Archis 2003 #4

Architecture as a lie (editorial)

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In a totally mass-mediated world, it is much more interesting to broach the scandalous reverse of such issues and in particular to pursue the lie with which someone has tried to gain an advantage. The media are constantly helping people to spread lies only to turn around and unmask them as liars. A veritable perpetuum mobile of double dealing. Whereas six months ago Saddam Hussein was portrayed as an arch deceiver, unscrupulously pulling the wool over the eyes of the free world, now those who were most vociferous in making such accusations are themselves the targets of attacks on their personal integrity. Whereas the Iraqi weapons experts were supposed to testify to the true nature of the Ba’ath regime, now it is the West’s own weapons experts who are the whistle-blowers, embarrassing those in power with their letters to the editor or lunches with journalists. So universal has the phenomenon become that it is rapidly losing its dramatic impact. This much is certain: the lie rules. But its rule is wholly democratic.


It seems almost impossible that architecture could reflect this situation. Not only is it by definition a truth as solid as a house, but it also rests on a decades-old tradition that prides itself on being honest and transparent. A building must be sincere, must be functionally and structurally straightforward. But when you stop to think about it, it is obvious that this tradition has had its day. Buildings seldom represent their contents any more. The construction is preferably hidden from sight. Transparency is out. In an age when buildings are chiefly required to ’emanate’ a particular atmosphere and to conjure experiences, the criterion is not honesty but effect. And that is precisely what characterizes the lie, too.


Is this a bad thing? Is it all right to lie? If you put it like that, a majority of people would answer no. Yet that same majority is constantly in search of justifications for lying and it is advisable to be familiar with the taxonomy. Just what are the excuses for lying?
Firstly there is the excuse that it wasn’t meant to be taken seriously; it was just a joke. It’s an argument we often encountered in postmodern architecture at the end of the last century. Okay, so it’s fake, but it’s an amusing fake, isn’t it.


Secondly there is the excuse that the liar wasn’t aware of lying, was in fact misled by others. This is the argument advanced by a president who mistakenly makes a bellicose State of the Union speech because his security advisers have neglected to prevent him from doing so. In architecture we come across this variant in the countless designers who have been preoccupied in recent years with infrastructure projects predicated on target figures that will never be achieved.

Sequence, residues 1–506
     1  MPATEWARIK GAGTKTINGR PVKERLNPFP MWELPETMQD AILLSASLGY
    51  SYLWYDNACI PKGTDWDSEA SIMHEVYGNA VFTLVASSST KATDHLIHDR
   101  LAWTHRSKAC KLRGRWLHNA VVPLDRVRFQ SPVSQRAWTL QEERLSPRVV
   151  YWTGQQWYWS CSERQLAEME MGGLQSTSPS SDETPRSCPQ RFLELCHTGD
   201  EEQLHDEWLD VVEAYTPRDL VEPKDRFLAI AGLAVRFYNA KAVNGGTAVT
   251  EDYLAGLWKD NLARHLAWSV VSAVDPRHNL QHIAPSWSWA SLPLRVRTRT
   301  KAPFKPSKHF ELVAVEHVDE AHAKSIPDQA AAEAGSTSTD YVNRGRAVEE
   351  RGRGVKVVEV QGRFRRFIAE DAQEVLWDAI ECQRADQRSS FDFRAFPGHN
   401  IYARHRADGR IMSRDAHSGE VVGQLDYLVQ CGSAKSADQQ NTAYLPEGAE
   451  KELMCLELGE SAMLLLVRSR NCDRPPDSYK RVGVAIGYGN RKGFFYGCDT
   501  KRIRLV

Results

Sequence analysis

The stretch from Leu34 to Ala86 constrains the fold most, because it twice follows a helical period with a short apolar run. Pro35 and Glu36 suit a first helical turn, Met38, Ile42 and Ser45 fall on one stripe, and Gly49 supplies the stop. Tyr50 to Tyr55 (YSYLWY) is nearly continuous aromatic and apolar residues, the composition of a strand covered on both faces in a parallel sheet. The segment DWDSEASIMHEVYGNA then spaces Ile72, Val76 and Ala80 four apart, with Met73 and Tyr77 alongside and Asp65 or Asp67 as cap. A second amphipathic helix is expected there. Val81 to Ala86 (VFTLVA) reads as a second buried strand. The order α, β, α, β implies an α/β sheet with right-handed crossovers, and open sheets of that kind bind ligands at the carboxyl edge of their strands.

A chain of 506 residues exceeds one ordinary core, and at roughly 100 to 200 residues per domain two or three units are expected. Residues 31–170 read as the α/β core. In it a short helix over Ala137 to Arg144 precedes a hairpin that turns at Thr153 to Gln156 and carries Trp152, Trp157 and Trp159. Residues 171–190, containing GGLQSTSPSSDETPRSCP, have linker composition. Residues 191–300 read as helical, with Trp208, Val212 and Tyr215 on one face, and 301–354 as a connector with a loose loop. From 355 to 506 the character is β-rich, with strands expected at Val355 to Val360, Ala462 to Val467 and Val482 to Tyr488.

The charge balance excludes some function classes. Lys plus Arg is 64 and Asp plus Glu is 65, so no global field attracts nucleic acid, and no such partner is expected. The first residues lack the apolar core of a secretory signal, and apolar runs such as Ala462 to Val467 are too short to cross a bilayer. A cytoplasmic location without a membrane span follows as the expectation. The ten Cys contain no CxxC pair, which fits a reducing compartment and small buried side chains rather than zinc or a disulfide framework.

Thirdly there is the excuse of those who appeal to a higher principle. Like a prime minister who invokes history which will eventually prove him right. And in architecture, all those projects which may be glorified set-building, but set-building that ‘the people’ or ‘the market’ want and hence all in a good cause.
But when the lie is truly democratized, something else happens as well. Two more arguments get an airing. First, the observation that everybody else is doing it, so why not me? This is the daily cynicism familiar to everyone in the Netherlands since the exposure of the big construction industry fraud. Indeed this is the construction fraud of price fixing and secret consultations aimed at receiving more money than is justified by the quality of the work done.


The second and final argument is that people lie because no one really cares. This is the most advanced form of lying because the deceit is barely detectable any more. If everyone lies, that is the truth. In the long run there ceases to be a touchstone against which to test the lie. Call it a special kind of paradigm shift. You might discern it in an architectural practice that has abandoned all pretence of a disciplinary core, in the something-for-everyone architecture of the universal catalogue.


If this is the cultural road we are travelling, what then is the value of history? In the form of material heritage it remains the touchstone doesn’t it? It allows the truth to surface via documents, doesn’t it? That surely is the assumption on which the study of history is based? Of course, but it can equally well provide the building blocks of one big happy historical confidence trick. We are entering the arena of historical reconstruction…